Manually Collected Field Data Protocols





Canopy Height Canopy height for single row of central 2 data rows of 4-row plot. Measured in cm using meter stick, taken at the height representing the plot 'potential', ignoring stunted plants. The canopy height was measured as the height of the foliage (not the inflorescence) at the general top of the canopy where the upper leaves bend and/or establish a canopy surface that would support a very light horizontal object (imagining a light sheet of rigid plastic foam), discounting rare or exceptional leaves in the upper-most 2 or 3 percentile.
Panicle Height Height of the top of the inflorescence panicle for single central data row of 4-row plot, when panicle extends notably above canopy height.
Seedling Vigor and Emergence Count the number of emerging seedlings at about 20% emergence, and then repeat every other day until final stand is achieved. A seedling is defined as emerged when the coleoptile is visible above the soil surface. Final stand is defined as when a similar count +/- 5% is achieved on successive counts 1-2 days apart. Count seedlings in the entire plot. Two Alternatives 1. Explicitly count number of plants emerged 2. For each plot, assess % germination in categories (e.g. [0,20], [20,40], …) This is the standard method
Canopy closure and leaf area index Sunfleck ceptometer readings will be taken at least monthly to determine radiation interception and canopy closure. Using e.g. Decagon AccuPAR LP-80. Leaf area index will be calculated using Beer's Law for light extinction. A total of 5 readings will be taken per plot and averaged. Readings will be taken on clear days. Incident light will be measured at least once per rep. NDVI will also be measured weekly using a tractor mounted unit until the tractor can no longer navigate through the field due to the height of the crop. References:Prometheus Wiki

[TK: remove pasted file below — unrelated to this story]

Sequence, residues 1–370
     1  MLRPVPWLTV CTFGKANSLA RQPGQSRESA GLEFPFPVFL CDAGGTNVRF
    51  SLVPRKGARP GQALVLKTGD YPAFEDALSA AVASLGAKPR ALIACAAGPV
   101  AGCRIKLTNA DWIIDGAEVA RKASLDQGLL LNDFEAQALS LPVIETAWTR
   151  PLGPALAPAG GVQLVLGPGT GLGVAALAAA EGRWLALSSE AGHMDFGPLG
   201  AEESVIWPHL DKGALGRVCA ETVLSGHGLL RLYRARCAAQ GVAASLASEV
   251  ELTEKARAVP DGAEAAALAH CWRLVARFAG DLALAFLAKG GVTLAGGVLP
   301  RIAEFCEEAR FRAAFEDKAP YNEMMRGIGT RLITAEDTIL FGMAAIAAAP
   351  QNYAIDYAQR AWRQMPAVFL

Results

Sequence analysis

Leaf Architecture / Leaf erectness Barcode scanning protractor is used to measure youngest fully emerged leaf
Leaf Width Barcode scanning ruler measured at the widest part of the leaf
Stem number Manually count the total number of stems in the plot will be counted bi-weekly after thinning for all plants in the plot.
Stem diameter Stem diameter for each of 10 plants per plot will be measured with a digital caliper at 10 and 150 cm every month. For each plant take a few diameter samples and record the most common value. Use a black sharpie to mark the location at which the sample was taken.
Canopy Height An "eyeball" estimate of plant height for the entire plot will be taken weekly beginning at the 5-leaf stage. Canopy height, view the canopy horizontally with a measuring stick, taking the height where a light piece of foam would rest on the canopy. Estimate the median height of healthy standing plots, ignoring plants that look really bad (e.g. are lodged). For method development: on subset of plots (10), capture the distribution of heights, e.g. max, min, median, upper and lower quantiles.
Lodging There are three measures: 1. Percent lodging 0-100 scale 2. Lodging severity 0-100 scale 3. Lodging score 0-100 scale 4. Whether this is stalk or root lodging (categorical 'root', 'stalk') A lodging score will be taken weekly once lodging is observed. The lodging score will be recorded as a percentage and is a combination of the fraction of the plants lodged and the severity of lodging. For example, if 50% of the plants are 50% lodged, then the lodging score would be 25%. The severity of lodging is determined by how far the plants are leaning from vertical. If a plant is laying on the ground the severity of lodging is 100%. If a plant is leaning 45 degrees from vertical, then the severity of lodging is 50%. How to differentiate between stalk lodging and root lodging: scoring 'lodging' implies diagnosing a cause of inclined stems. A better approach may be a visual estimate of a range, with an optional note for root or shoot lodging. Done as deflection from vertical, this might look like:Min_angle Max_angle Loding_type0 1010 4530 60 R20 40 S…Where R = root lodging, S = stem lodging. Since stems are usually curved, the question remains of what reference height to consider?
Above-ground yield Alleyways will be trimmed by hand with a weed whacker with a blade to accommodate space required between plots for a 2-row forage chopper. Actual plot length will be measured from the first to last stalk cut by the forage chopper. The stalks trimmed by hand will be spray painted to delineate them from stalks in the harvest area. The chopped forage will be weighed in a bag and a 2-quart sample removed for moisture and quality analysis. The sample will be dried in an oven at 65 C until constant weight is achieved. The dried forage will be ground and submitted for quality analysis. Sorghum Checkoff provided 1.5 pg protocol